The the law enforcement community was primary among those who felt on edge, since some people literally got away with murder because of her incompetence. That spread to everyone who lived in the Milwaukee area, because, of course, people who were known for a fact to be willing to kill to get what they wanted were on the loose. Of course, it eventually led to her demise, which some said could not have arrived soon enough.

She was a person with enormous brainpower but little to no stability. And it was tragic watching her, because she had started out at the top of her class. And even though she had an odd personality, she was initially well regarded, and did her job well. She was credible as a pathologist as well as a witness in criminal court. And the old joke around the Milwaukee law enforcement and District Attorney’s offices was that medical examiners always seemed to be somewhat weird. The first M.E. To whom I referred was considered to be a classic case in point.

But the first examiner was extremely reliable, in both her findings and her ability to come across well as an expert in her field.

The second woman was completely the opposite. She could do the job, but soon began to falter. (I personally did not wonder why.) I watched several autopsies that she performed in order to obtain spent bullets in murdered victims, and the like. She would talk to herself in a loud voice. She had Tourette’s Syndrome and would blurt swear words, no matter where she was.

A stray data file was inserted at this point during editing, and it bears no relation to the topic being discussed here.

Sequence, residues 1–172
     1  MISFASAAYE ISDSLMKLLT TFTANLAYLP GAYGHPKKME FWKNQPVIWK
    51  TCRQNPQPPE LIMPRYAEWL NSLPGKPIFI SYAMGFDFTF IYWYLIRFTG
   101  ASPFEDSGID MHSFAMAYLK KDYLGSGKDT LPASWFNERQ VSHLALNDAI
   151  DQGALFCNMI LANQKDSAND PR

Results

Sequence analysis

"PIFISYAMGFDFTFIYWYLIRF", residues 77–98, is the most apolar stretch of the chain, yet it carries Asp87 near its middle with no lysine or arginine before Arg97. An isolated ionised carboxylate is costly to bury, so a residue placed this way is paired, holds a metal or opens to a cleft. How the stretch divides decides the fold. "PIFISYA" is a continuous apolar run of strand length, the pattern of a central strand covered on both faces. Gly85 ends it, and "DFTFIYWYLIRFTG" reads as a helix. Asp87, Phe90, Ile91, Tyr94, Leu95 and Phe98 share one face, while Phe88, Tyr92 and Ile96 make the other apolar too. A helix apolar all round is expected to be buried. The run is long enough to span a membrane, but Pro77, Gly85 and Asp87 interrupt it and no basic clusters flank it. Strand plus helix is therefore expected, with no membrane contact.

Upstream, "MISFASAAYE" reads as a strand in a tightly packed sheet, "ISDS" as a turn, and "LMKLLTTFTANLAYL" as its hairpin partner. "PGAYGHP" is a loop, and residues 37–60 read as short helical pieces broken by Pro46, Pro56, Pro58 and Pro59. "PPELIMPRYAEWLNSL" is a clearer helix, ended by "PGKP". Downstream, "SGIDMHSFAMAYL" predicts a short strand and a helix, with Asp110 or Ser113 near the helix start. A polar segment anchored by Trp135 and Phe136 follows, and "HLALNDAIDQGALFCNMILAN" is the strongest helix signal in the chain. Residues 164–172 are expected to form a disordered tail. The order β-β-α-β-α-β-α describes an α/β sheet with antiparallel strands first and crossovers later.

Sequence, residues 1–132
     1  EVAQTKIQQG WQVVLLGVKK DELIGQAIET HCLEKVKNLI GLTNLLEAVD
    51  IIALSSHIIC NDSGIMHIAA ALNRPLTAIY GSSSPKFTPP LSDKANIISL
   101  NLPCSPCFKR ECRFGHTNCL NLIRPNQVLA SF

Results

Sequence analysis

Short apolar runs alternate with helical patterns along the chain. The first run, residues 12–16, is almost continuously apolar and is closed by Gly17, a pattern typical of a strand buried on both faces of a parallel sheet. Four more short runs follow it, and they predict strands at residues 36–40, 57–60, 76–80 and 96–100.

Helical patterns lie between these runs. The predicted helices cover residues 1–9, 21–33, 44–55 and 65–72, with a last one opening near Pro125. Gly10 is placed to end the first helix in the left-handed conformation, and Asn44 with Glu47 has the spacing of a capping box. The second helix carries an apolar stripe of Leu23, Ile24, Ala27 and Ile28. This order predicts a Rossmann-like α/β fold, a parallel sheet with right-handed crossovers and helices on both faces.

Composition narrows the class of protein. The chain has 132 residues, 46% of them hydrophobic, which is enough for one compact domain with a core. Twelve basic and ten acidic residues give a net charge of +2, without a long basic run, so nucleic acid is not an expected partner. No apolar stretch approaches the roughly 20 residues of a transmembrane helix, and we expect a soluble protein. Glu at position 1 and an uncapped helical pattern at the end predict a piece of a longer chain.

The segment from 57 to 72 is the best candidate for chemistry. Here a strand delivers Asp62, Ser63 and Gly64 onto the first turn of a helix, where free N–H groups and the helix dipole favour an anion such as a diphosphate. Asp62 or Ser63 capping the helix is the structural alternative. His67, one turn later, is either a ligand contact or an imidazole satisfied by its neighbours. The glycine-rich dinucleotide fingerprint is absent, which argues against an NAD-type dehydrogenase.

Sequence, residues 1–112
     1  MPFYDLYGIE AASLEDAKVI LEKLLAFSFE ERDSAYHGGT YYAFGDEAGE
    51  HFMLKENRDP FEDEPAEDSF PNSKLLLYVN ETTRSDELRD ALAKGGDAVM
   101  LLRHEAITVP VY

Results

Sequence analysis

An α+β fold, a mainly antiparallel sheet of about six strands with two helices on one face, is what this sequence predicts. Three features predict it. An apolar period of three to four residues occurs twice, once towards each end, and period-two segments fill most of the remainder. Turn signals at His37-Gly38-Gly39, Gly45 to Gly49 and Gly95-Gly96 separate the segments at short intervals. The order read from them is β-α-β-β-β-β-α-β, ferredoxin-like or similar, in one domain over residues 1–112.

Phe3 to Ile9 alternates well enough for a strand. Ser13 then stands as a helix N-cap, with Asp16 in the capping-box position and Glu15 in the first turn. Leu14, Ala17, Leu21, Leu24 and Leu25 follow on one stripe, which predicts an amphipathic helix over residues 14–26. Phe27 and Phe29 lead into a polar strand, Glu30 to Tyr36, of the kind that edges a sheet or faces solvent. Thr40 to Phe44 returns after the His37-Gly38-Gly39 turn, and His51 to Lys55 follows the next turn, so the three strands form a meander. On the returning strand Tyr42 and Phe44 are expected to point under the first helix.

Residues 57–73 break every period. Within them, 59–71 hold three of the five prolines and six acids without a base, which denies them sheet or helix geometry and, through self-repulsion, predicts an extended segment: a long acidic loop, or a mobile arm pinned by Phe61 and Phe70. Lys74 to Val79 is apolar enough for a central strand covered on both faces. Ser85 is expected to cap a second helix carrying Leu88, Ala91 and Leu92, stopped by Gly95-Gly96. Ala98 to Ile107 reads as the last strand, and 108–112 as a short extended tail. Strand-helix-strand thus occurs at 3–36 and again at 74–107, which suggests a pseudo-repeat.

Once I was riding an office elevator with her and some county supervisors and other business people. The elevator was completely quiet until she yelled out “Shit!” After a lengthy, uncomfortable moment, I looked to see if something was wrong. She was smiling broadly, and said nothing. She decided to use the quiet, smiling face tactic to keep from alarming people around her. It had the opposite affect. No one could talk her out of using that tactic.

More than one detective who was regularly assigned to witness autopsies spoke of her eccentric behavior while working on the cadavers. She would put her fingers on her face or in her mouth – while wearing vinyl gloves smeared with blood and other dead body tissue. Her constant explosive expletives occurred non stop, even when officials from other communities were doing business at her office or in the autopsy room. She would prop herself against cadavers while taking a break. These are only bits and pieces I had heard. Many more similar occurrences had been cited.

She could do the technical part of her job, but she began making too many mistakes. Small ones that could be dealt with, but city officials were growing alarmed. She quickly gained the reputation for being odd, and unscrupulous people took advantage.

Some defense attorneys drew her into discussions about her work, and she was more than happy to say anything that came to mind. She unwittingly divulged information with more than one unscrupulous defense attorney who used it to rework their approach and get a better deal for their client. Or to somehow compromise the case and get a not guilty verdict when it was not appropriate.